5 sensible strategies to enjoy a splurge-worthy Easter

Christmas seems to get a lot of spotlight when it comes time to holiday eating. However, Christmas isn’t the only holiday that involves copious amounts of food and chocolate.

This weekend marks the Easter long weekend, which for many will involve larger holiday meals with turkey or ham, potatoes and all the trimmings … and lots of sweets including chocolate Easter bunnies, eggs and other traditional delicacies.

Consumer Reports released last week that Americans are expected to spend a total of $2.6 billion on Easter candy this year, which is more than what was spent on Halloween candy in 2016 ($2.5 billion) and Valentine's Day in 2017 ($1.7 billion). 

Wowzers! That's a lot of candy!

I often get asked how I keep my weight in check over these treat-filled holidays. Truth is, I have no fancy tricks up my sleeve. What I do have are some sensible strategies that I apply to my eating throughout the year, which allow me to fully savour my conscious indulgences without guilt.

P.S. Food-guilt has no place at the holiday table or at any table for that matter. But that's another blog post for another time :)     


5 sensible strategies to enjoy a splurge-worthy Easter

1) Make your splurges truly "splurge-worthy".

My husband often states that I have champagne tastes on a beer budget. I suppose this is true. I certainly cut corners in many areas to keep the budget in check, but one area that I do not compromise my “champagne taste” is with special holiday treats. If I am going to make a decadent dessert, I am going to buy the really good quality ingredients that make it so darn delicious, including full fat whipping cream (sorry Cool Whip!) or maple syrup fresh from the farm (sorry Aunt Jemima!)  

The same goes with eating chocolate. I will not waste my time or calories on the cheap no-name chocolate that tastes stale and gross. I will spend the few extra dollars to buy one bar of my favourite Green and Black's or Lindt 75% dark chocolate.

And I will savour. each. bite.  

This same principle carries through to what I give my kids in their Easter baskets. Each year they get a book or clothing in addition to a small chocolate treat. This usually ends up being half a bar of dark chocolate, broken into smaller pieces, which they enjoy over the next few weeks, whenever it is offered to them. I try to make sure that the kids enjoy their chocolate at the table with us so that they too can develop good habits of mindfully eating and savouring each bite.  

2) Don’t worry about offending the host.

I am a people-pleaser and I used to worry a lot about what others would think or say if I passed on a food that was offered to me or said no to a second helping. I think much of this stemmed from the holiday dinners at my beloved grandmother’s house who loved to feed people until they were stuffed to the brim!

This is an area that I have had to work on over the years but it has served me well. I read my body’s own internal cues vs. the external cues from the social environment. When I do so, I feel fantastic, having enjoyed a delicious and satisfying meal. So far, no one has kicked me off their invite list so it is obviously not a big deal to them either.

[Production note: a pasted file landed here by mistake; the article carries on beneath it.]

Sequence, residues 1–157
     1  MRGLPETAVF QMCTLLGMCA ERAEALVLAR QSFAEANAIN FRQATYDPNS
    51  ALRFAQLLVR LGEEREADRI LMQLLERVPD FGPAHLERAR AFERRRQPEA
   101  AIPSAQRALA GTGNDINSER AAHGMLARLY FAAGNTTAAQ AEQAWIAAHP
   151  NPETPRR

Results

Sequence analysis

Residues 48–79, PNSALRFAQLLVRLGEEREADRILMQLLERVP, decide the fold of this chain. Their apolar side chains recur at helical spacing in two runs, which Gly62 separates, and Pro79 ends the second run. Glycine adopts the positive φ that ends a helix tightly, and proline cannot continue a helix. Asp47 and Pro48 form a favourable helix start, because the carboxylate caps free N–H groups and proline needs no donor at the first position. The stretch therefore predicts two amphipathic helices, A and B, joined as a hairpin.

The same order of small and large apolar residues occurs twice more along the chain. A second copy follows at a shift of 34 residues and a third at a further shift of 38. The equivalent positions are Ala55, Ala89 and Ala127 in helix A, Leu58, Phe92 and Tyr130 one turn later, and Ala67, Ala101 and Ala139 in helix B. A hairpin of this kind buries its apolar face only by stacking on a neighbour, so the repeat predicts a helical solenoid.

3) Try to eat slowly.

Have you ever tried putting your fork down between bites at the table? Or fully chewing and swallowing each mouthful before you take the next? If not, try it! You will be surprised at how difficult it is. (At least it is for me, says the lady who can easily scarf down her lunch in 5 minutes if she's not careful)!

This is an easy way to slow down the pace at the table and encourages you to more fully enjoy the meal and allows your body time to sense whether it is full so that you aren’t going for round two unnecessarily.

4) Don’t rely on willpower

Relying on willpower is like relying on your four-year-old to keep a perfectly tidy room. It may be clean occasionally, but chances are you can’t rely on it being clean all the time!

Same goes for willpower – you cannot solely rely on it for perfect results, nor should you have to. It is a finite resource. Like a muscle, it can only endure so much load before it is exhausted.

So what do you do? 

Set yourself up for success by eating a healthy breakfast in the morning and a protein-rich snack before the meal to ensure that you are not ravenous at dinnertime. Don't self-impose dietary restrictions that will require you to flex your willpower muscle. Instead, plan to enjoy and savour the treats that are most meaningful to you and do so without guilt or shame. 

5) Maintain your workout routine.

Saturday mornings my husband blesses me by taking the kids so that I can get to the gym for a workout or go for a run outside. This does not change over the holidays. I am careful to keep this in my schedule and protect it so that other events don’t take precedence. I am a much happier person when I get back from my workout, which allows me (and everyone else!) to more fully enjoy the following family time together.  


The nuts and bolts, 

  • Eat what you love and love what you eat. 
  • Trust your body's own internal cues to let you know when you are full. 
  • Slow down and enjoy each mouthful.
  • Come to Easter dinner with a moderate, not ravenous, hunger.
  • Keep your mind and body in balance by maintaining your normal workout routine. 

 

What do you find helpful to keep things in check over the holidays? Comment below. I would love to hear from you!

 

Take it one bite at a time, 

 

Rosanne

 

References:

Consumerreports.org. April 7, 2017. What 100 Calories of Easter Candy Looks Like. http://www.consumerreports.org/candy/what-100-calories-of-easter-candy-looks-like/